The Government Should Get Involved With The

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The Government Should Get Involved With The Cure To Opiate Addiction Through The Use Of The Methadone Program In Order To Reduce Crime, Death, Disease, And Drug Use. Essay, Research Paper Methadone, a long-acting synthetic narcotic analgesic, was first used in the maintenance treatment of drug addiction in the mid-1960s by Drs. Vincent Dole and Marie Nyswander of Rockefeller University. There are now 115,000 methadone maintenance patients in the United States, 40,000 of whom are in New York State and about half that many are in California. Methadone is widely employed throughout the world, and is the most effective known treatment for heroin addiction. The goal of methadone maintenance treatment (MMT) is to reduce illegal heroin use and the crime, death, and disease

associated with heroin addiction. Methadone can be used to detoxify heroin addicts, but most heroin addicts who detox?using methadone or any other method?return to heroin use. Therefore, the goal of MMT is to reduce and even eliminate heroin use among addicts by stabilizing them on methadone for as long as is necessary to help them avoid returning to previous patterns of drug use. The benefits of MMT have been established by hundreds of scientific studies, and there are almost no negative health consequences of long-term methadone treatment, even when it continues for twenty or thirty years. Methadone maintenance treatment came into being in an unexpected way. By 1963,doctors and public health workers had concluded what objective observers and users alike had known for decades:

that there was no treatment known which could cure long term opiate (heroin, morphine, opium etc.) addicts. In fact, there wasn’t even any treatment that could honestly claim to be more successful than no treatment at all! Every imaginable option had been tried, from lobotomies and insulin shock, to psychoanalysis and the threat of lifetime imprisonment. Yet in every case the result was the same: between 70 and 90 percent of these chronic addicts would return to opiates within a short time. In light of such statistics a number of prestigious panels examined the problem and by 1963 had come to the same conclusion: it was time to re-examine nearly fifty years of prohibition and consider allowing doctors to prescribe addicts the opiates they needed.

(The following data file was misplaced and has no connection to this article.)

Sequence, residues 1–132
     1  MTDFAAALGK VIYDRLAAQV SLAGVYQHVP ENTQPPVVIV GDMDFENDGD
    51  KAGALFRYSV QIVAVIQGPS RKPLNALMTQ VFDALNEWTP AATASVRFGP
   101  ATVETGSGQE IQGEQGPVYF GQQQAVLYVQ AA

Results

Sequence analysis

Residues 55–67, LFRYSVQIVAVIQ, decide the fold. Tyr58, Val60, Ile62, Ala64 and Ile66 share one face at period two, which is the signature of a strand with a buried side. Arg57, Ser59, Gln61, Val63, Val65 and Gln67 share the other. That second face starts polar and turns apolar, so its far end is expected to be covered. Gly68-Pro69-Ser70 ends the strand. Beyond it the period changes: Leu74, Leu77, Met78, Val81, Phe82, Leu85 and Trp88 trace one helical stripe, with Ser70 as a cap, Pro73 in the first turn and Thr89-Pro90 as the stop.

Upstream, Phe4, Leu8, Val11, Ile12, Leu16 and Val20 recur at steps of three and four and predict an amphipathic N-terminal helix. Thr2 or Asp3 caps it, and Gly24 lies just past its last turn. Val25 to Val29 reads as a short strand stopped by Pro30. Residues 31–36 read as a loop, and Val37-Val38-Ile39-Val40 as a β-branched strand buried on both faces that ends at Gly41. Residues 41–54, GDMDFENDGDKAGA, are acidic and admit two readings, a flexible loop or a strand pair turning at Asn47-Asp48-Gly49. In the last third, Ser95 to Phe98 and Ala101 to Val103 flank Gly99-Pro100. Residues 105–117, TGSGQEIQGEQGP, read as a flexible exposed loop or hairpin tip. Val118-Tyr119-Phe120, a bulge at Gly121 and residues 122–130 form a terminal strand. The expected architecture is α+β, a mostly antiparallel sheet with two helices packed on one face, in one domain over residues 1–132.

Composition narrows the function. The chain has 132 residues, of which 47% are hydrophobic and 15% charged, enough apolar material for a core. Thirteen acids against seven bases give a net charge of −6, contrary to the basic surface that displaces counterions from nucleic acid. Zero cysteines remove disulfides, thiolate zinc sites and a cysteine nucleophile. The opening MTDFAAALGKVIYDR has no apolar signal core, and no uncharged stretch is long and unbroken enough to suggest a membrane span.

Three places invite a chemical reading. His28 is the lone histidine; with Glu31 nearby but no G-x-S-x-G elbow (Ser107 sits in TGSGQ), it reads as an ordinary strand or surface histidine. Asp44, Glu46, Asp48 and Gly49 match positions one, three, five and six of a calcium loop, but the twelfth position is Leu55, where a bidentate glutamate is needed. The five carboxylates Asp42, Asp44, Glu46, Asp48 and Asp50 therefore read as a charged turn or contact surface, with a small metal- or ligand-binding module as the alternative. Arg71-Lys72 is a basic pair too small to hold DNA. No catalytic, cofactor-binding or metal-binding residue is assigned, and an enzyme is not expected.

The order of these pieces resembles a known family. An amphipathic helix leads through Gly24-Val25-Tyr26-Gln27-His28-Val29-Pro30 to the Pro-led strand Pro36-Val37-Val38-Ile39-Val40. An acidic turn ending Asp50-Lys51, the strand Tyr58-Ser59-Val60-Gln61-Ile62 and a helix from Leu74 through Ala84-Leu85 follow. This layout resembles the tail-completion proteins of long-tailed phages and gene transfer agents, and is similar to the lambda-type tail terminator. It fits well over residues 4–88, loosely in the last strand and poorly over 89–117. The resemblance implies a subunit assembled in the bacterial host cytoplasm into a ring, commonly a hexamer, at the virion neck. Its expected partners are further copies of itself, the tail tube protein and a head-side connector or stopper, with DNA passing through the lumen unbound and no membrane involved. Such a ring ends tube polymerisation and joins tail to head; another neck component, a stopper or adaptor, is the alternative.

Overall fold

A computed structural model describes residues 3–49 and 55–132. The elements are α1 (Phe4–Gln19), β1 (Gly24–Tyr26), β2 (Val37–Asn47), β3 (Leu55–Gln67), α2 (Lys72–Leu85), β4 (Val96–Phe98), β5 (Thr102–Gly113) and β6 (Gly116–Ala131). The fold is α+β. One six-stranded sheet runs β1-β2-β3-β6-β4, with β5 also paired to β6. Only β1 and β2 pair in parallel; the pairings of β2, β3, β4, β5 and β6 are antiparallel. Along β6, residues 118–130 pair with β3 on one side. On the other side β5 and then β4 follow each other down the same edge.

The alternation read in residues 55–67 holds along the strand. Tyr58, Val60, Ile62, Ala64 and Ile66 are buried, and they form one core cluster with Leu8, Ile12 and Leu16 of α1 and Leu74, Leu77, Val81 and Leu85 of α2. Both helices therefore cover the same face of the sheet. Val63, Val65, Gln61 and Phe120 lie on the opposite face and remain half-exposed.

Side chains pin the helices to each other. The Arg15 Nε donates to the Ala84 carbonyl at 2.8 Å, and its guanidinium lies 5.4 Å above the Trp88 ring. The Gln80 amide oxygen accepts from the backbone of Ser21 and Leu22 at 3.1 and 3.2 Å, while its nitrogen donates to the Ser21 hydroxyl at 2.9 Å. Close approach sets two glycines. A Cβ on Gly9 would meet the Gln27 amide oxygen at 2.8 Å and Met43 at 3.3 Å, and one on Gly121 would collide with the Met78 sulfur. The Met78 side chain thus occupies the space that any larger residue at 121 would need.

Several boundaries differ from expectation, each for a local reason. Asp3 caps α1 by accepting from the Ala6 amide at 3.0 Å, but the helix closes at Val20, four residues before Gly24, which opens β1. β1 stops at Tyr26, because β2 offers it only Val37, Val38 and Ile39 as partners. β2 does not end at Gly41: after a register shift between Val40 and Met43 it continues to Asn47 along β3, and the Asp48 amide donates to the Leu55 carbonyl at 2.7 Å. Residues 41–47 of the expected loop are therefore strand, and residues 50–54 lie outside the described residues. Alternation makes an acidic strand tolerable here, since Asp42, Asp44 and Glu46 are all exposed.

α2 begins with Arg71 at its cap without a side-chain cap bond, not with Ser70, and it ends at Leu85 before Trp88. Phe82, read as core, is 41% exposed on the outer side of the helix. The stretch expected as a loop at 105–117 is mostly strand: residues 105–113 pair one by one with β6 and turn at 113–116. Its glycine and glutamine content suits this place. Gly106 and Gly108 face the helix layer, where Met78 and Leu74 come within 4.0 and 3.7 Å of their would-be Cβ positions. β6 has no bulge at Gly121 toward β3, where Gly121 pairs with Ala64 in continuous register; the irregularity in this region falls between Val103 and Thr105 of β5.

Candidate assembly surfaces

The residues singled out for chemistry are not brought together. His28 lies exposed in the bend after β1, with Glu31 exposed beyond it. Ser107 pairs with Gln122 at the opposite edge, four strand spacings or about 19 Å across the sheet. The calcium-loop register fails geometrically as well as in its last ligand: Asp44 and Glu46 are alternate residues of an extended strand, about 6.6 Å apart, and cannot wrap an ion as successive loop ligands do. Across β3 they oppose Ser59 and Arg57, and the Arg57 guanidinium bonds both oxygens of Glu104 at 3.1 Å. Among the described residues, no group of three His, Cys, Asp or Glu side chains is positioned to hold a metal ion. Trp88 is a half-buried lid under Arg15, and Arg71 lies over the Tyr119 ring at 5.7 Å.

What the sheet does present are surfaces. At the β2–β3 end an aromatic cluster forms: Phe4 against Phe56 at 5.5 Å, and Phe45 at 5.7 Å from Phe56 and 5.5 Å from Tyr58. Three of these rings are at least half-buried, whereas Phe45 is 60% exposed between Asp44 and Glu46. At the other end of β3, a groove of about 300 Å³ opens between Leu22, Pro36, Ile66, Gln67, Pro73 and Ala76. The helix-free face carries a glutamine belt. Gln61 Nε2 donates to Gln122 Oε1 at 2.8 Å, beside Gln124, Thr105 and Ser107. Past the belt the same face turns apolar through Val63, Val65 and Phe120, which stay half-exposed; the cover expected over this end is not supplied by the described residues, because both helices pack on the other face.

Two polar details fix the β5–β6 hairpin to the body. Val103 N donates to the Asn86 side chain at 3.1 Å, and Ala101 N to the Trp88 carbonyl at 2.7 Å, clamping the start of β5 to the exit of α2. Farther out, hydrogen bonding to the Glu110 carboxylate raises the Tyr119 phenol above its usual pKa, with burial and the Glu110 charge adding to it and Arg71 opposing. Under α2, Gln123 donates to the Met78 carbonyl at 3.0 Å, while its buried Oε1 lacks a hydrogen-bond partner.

( At Rockefeller University in New York City, Dr. Vincent Dole, an expert in metabolic disorders and a psychiatrist by the name of Dr. Marie Nyswander, who’d worked at the U.S. Public Health Hospital/Prison for addicts in Lexington, Kentucky, began experiments with several chronic heroin addicts. In attempting to determine if addicts could be maintained on stable doses of pharmaceutical opiates. The volunteers were given access to the spectrum of opiates available to medical practitioners. The researchers tried everything from morphine to dilaudid, but found that it was extremely difficult to stabilize the subjects. The addicts were either over sedated or in mild withdrawal most of the time, and spent their days either “on the nod”,

waiting for their next shot, or comparing the relative merits of the drugs used. Reluctantly, Dr. Dole and Dr. Nyswander concluded that the experiment had been a failure, and decided to “detox” the addicts and release them from the hospital. To accomplish the withdrawal, they turned to a synthetic narcotic called methadone. Methadone had first been synthesized by the Germans during World War Two, and after the war it was used to withdraw addicts at Lexington. It had the advantage of being cheap, significantly orally active, and longer lasting than opiates like morphine. For the researchers at Rockefeller, it seemed merely a convenient and humane means of ending the experiment with maintenance. As the addict volunteers had been built up to large doses of narcotics by street